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Can a solar storm cause airplanes to fall out of the sky?

Published Nov 30th, 2022 1:41PM EST
A big sun surface with solar flares.
Image: joelia / Adobe

There’s often talk about space weather and solar storms, but we don’t necessarily see the associated dangers. But solar events reaching Earth can impact electronics and potentially cause tragic accidents. One such catastrophe concerns airplanes, which might be caught in the line of fire during a solar storm. But can a solar storm actually cause planes to fall out of the sky?

The answer isn’t necessarily a simple “yes” or “no,” as plenty of factors can influence the outcome of such an event. However, regulators are already assessing the potential impact of solar events on flights. And they are developing measures to ensure airlines and pilots would have a course of action.

Looking at the effects of solar storms on planes, The Daily Beast proposed a scenario where a passenger jet flying over Alaska might experience radiation and incorrect location readings just as air traffic controllers warn of an intense solar storm. The pilot would ask for permission to lower the altitude by a few thousand feet, but they’d lose communication before getting an answer. Dozens of other planes would experience the same incident.

Nothing like this has ever happened in real life. But regulators expect solar events to inevitably interfere with flights.

What happens during a solar storm?

The simplest thing to happen to a passenger jet during a solar storm is exposure to a higher radiation dose. But that would not make an airplane fall out of the sky.

What’s hazardous for the airplane’s safety is the effect on components that help the plane navigate. Solar storms can also disrupt communications with the ground, making it impossible for pilots to talk to ground control or establish their position. The planet’s polar regions are particularly susceptible to the effects of a solar storm.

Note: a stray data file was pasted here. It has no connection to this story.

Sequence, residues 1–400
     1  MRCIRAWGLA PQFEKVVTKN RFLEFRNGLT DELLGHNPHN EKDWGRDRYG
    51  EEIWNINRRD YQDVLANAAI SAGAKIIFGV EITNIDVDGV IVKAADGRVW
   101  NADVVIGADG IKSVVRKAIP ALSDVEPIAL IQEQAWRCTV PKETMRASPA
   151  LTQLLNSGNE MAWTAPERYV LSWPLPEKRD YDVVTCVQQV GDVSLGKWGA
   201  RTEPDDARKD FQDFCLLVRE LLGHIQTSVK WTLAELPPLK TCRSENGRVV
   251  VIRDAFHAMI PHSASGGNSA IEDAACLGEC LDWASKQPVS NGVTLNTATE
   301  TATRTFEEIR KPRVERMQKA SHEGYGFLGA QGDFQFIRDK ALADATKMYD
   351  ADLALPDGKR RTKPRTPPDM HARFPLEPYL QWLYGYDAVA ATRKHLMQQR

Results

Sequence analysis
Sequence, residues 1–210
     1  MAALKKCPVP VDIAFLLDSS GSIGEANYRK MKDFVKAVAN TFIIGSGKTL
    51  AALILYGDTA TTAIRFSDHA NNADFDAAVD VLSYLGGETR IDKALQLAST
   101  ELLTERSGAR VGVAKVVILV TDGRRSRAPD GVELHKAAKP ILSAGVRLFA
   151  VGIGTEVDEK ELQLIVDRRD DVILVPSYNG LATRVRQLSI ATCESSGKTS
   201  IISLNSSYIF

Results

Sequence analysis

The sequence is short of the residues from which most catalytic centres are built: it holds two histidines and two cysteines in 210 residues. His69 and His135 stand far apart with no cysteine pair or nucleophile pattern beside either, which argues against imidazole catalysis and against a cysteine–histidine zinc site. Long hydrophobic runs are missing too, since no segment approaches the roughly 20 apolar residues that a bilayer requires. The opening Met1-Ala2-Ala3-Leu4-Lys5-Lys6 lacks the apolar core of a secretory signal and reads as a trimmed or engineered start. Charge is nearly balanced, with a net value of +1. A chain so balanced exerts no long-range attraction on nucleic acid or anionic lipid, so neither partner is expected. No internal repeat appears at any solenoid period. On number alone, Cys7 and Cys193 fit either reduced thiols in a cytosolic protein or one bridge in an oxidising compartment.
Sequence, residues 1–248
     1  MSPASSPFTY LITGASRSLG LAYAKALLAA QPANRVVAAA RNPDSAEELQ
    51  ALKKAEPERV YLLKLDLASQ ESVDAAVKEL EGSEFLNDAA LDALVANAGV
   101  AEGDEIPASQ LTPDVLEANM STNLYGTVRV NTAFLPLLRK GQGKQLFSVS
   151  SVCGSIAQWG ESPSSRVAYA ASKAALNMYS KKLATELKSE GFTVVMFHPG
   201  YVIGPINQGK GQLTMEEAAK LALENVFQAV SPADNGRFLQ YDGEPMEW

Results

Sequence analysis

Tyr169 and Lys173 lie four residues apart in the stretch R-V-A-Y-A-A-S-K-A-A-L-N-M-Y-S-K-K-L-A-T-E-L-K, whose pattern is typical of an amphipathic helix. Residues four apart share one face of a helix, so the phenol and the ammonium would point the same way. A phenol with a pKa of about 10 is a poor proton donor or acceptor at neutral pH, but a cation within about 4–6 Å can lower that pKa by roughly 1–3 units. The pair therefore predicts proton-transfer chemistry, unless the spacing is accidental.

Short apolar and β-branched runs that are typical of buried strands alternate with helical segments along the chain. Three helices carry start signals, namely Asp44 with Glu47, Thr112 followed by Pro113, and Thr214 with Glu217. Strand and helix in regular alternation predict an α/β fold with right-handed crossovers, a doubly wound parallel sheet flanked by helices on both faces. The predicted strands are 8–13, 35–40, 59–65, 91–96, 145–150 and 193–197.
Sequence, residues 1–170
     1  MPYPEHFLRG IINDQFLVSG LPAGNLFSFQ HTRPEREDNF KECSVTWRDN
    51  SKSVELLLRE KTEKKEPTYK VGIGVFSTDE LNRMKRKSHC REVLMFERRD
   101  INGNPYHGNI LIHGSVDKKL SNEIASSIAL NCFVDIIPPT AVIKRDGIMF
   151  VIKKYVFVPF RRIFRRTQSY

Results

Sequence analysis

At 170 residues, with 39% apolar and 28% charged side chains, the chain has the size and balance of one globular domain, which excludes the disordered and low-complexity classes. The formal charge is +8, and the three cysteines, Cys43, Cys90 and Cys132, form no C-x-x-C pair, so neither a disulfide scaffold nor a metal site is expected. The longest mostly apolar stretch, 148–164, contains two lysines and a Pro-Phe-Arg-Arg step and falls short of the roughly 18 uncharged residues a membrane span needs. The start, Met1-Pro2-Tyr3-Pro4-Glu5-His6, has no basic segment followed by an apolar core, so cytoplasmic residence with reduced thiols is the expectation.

Solar events can send X-rays and plasma into space, creating space weather. With a strong enough solar storm, the space weather will eventually hit Earth. 

The protons can hit superconductors in airplanes’ and satellites’ circuitry at high altitudes, as the thin atmosphere won’t slow the protons down enough. Solar storms can also influence the Earth’s ionosphere and stop the reflection of radio waves. An immediate result would be the blockage of communications between objects like airplanes and satellites.

Then there’s the radiation. Air travelers would be exposed to more than a year’s worth of natural radiation levels in just a few seconds.

Commercial airplane flying above clouds in sunset light.
Commercial airplane flying above clouds in sunset light. Image source: Jag_cz/Adobe

What we’re doing to address solar storms

The good news is that airplane industry regulators have started preparing for solar storms.  The United Nations’ International Civil Aviation Organization (ICAO) is taking a more active role in protecting aircraft against space weather events.

Space weather advisories are already in place, with 16 countries helping the forecasting efforts of four global centers. After an alert, flight impact can be minimized. Changing routes to avoid the polar regions and flying at lower altitudes can prevent unwanted consequences. The grounding of flights is also possible in the event of a severe solar storm.

One problem regulators still need to deal with is the inability to predict space weather far in advance. Airlines will need 12 to 24 hours of warning to reschedule flights efficiently. But it’ll take time for scientists to produce such warnings.

Airlines are encouraged to develop individual protocols for solar storms. And aviation technology is evolving to build protection against solar events for hardware and electronics.

With all that in mind, The Daily Beast explains the pilot in the hypothetical scenario would not change course or altitude to risk crossing paths with other flights. And the plane will navigate over the North Pole without issues.

In other words, planes might not fall out of the sky because of solar storms anytime soon. But that doesn’t mean the people who keep us safe up in the sky aren’t considering such scenarios. The Daily Beast’s coverage is worth a read in full at this link.

Chris Smith
Chris Smith Senior Writer

Chris Smith has been covering consumer electronics ever since the iPhone revolutionized the industry in 2008. When he’s not writing about the most recent tech news for BGR, he closely follows the events in Marvel’s Cinematic Universe and other blockbuster franchises. Outside of work, you’ll catch him streaming almost every new movie and TV show release as soon as it's available.